Additionally, the antioxidants present in peanut butter, such as p-coumaric acid, has been shown to reduce arthritis in rats .
On the keto diet, it’s important to choose foods that have monounsaturated or polyunsaturated fats. Polyunsaturated fat sources are seeds (like sunflower seeds), corn and soybean oils, and walnuts.
The negative types of fats, like saturated fats and trans fats found in some dairy, meat, processed food, and sugary desserts should be avoided.
For choosing peanut butter, try to avoid those that contain added sugar, partially hydrogenated oils or trans fats, or artificial ingredients.
Best Peanut Butter Brands for Keto
Ideally, the peanut butter brands best for keto are those that only consist of nuts and salt.
Often times, these are called “natural peanut butter.” Upon opening the jar, you may see oil on top that you might have to stir in. This is a sign that the nut butter is close to its natural state, which is a good thing.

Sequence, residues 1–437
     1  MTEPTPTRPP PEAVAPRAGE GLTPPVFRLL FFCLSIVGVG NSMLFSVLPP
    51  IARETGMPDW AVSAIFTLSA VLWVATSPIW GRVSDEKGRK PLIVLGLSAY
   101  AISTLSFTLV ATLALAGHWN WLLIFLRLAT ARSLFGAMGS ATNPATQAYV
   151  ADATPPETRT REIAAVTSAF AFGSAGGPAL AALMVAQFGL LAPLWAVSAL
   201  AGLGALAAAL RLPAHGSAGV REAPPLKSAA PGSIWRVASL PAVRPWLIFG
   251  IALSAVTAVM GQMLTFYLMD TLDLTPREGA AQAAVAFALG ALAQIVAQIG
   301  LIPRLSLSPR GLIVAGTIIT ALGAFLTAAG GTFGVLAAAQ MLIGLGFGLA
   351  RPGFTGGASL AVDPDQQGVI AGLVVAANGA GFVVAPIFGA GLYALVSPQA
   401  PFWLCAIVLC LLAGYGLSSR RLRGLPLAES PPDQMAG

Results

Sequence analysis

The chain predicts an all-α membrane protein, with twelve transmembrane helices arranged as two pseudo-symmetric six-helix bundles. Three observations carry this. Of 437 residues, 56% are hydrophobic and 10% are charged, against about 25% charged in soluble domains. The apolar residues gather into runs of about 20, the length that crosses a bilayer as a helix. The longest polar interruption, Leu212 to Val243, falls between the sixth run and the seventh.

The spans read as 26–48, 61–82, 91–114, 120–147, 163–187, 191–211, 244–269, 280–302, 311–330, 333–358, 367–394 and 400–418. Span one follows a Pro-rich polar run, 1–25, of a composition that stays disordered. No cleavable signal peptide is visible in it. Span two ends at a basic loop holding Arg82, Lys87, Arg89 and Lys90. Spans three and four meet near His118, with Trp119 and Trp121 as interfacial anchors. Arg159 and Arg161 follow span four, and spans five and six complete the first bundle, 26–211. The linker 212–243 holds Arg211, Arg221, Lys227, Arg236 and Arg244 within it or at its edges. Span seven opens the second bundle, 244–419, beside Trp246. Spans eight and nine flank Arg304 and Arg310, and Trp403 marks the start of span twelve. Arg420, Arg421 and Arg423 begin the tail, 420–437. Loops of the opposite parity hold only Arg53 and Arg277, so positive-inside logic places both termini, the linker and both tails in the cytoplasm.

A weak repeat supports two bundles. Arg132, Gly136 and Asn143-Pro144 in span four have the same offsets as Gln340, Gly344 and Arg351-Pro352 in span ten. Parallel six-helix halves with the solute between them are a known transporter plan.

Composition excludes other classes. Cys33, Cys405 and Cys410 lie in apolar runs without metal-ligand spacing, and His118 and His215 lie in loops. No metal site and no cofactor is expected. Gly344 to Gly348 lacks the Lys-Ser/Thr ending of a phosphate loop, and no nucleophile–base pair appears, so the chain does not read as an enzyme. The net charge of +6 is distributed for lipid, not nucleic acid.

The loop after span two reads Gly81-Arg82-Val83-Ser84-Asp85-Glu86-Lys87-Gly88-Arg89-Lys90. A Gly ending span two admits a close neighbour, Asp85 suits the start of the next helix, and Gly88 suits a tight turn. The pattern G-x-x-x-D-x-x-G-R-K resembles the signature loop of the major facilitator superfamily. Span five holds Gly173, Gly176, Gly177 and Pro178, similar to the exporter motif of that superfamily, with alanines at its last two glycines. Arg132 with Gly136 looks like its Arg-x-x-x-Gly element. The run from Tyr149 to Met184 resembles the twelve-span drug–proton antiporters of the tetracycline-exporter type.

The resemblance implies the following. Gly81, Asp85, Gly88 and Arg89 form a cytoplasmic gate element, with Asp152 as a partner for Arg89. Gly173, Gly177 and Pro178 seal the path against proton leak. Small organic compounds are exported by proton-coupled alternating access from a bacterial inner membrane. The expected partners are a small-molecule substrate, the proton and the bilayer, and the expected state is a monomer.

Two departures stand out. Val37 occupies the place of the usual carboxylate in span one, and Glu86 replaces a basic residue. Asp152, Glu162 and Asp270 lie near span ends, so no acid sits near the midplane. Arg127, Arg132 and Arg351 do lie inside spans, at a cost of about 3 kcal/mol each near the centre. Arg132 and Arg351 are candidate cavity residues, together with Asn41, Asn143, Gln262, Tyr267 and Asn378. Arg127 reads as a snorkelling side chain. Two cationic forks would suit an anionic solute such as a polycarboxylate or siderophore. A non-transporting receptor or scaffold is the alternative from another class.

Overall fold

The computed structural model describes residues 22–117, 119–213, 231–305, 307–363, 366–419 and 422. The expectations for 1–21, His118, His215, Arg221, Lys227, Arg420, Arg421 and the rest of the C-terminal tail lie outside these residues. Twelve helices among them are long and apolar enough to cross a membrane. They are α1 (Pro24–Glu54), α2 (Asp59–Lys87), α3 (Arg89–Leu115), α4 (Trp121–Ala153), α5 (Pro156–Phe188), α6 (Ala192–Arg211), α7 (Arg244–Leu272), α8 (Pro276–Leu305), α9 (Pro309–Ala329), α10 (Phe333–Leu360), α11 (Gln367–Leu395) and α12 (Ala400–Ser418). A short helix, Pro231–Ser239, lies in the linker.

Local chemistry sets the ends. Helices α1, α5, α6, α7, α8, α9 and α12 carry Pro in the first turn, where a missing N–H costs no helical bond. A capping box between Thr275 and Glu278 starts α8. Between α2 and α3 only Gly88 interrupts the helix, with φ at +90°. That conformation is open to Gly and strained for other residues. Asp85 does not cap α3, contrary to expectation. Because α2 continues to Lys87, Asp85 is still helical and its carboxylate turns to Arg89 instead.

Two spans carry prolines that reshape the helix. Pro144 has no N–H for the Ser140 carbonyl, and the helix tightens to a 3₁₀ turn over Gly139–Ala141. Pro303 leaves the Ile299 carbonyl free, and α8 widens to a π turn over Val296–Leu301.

Many of the most well-known regular peanut butter brands have natural, keto-friendly versions, such as:
- Jif Natural Creamy Peanut Butter
- Smucker’s Natural Creamy Butter
- Justin’s Honey Peanut Butter (Justin’s is typically known for its almond butter)
- Smart Balance’s Creamy Natural Rich Roast
- Skippy’s Natural Creamy Peanut Butter (also a dark chocolate version)
Despite the keto seal of approval, it’s still important to control your peanut butter intake. One to two tablespoons per day is enough, which will probably be a little less than 200 calories. For one meal or snack, try to stick to one serving.
How to Eat Peanut Butter
Here are some creative ways you can start incorporating peanut butter into the keto diet: